The Supreme Court has a very mixed track record when it comes to protecting women. As a domestic violence advocate, Criminologist, and activist for a decade, I am deeply concerned that the U.S still fails to prioritize women’s safety. Given that globally more women ages 15-45 die from men’s violence than of cancer, malaria, war and traffic accidents combined, far more needs to be done to protect women and girls. The courts can and should play a far bigger role in doing so.
In 2000, the court overturned part of the Violence Against Women Act (VAWA) that allowed women to sue their abusers in federal court. So, we can sue darn near anyone for anything, just not the people who hurt us most deeply. In 2005, the court ruled in Castle Rock v. Gonzales that a town and its police cannot be sued for failing to enforce a restraining order. Jessica Gonzales, now Lenahan, had a permanent restraining order against her husband Simon, who had been stalking and harassing her. Simon was prohibited from seeing her son (not his biologically) and the couple’s three daughters except during specified visitation times. Simon violated that order by taking the three girls on June 22, 1999 around 5:15 p.m. Jessica first called the police about two hours later, then proceeded to call multiple times and visit the station in person over the next several hours. The police took no action, even though Simon had called Jessica admitting he had the girls at an amusement park in Denver. At approximately 3:20 a.m., Simon showed up at the Castle Rock police station and engaged in a shoot-out with police that left him dead. The police then noticed the bodies of the three girls in his vehicle. The court held 7-2 that the Colorado statute did not require that police actually enforce restraining orders.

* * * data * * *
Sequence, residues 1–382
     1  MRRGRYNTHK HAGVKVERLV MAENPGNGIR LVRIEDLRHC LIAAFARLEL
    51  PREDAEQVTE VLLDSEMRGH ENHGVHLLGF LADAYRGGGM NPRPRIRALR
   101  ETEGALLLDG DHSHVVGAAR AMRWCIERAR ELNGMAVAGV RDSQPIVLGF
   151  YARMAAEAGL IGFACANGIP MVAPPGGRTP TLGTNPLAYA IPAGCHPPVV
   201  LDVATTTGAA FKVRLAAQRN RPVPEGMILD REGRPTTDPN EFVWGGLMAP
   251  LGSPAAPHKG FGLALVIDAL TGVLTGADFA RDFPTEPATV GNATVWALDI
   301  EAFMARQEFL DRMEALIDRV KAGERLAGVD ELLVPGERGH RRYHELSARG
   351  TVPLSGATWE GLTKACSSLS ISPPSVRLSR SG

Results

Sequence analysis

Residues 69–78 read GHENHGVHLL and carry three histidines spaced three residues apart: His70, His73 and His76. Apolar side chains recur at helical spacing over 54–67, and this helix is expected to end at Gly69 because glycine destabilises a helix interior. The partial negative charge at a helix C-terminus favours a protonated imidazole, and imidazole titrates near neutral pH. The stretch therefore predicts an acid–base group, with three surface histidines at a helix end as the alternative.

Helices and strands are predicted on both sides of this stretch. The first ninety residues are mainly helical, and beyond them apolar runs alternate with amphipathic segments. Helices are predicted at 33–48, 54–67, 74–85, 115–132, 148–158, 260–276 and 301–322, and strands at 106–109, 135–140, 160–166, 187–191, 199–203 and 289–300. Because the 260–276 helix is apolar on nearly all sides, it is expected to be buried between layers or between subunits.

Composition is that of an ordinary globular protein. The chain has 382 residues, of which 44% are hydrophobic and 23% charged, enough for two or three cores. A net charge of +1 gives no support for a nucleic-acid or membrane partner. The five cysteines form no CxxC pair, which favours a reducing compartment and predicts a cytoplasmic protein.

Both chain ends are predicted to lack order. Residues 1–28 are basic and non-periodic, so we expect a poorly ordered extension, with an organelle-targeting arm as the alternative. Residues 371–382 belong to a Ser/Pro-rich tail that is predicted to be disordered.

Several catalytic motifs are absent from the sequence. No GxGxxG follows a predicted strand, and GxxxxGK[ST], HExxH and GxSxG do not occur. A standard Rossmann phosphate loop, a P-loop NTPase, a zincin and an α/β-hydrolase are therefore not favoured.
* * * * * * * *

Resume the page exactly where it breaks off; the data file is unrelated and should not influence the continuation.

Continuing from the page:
What?! Absolutely insane.
Gonzales and her attorneys took the case before the Inter-American Commission on Human Rights, which ruled that the Supreme Court had erred and that the U.S was violating Gonzales’ human rights through this decision. The IACHR cited international human rights treaties and agreements that urge states to exercise due diligence to prevent, investigate, and punish acts of violence against women and to address shortcomings in legislation that fail to protect women.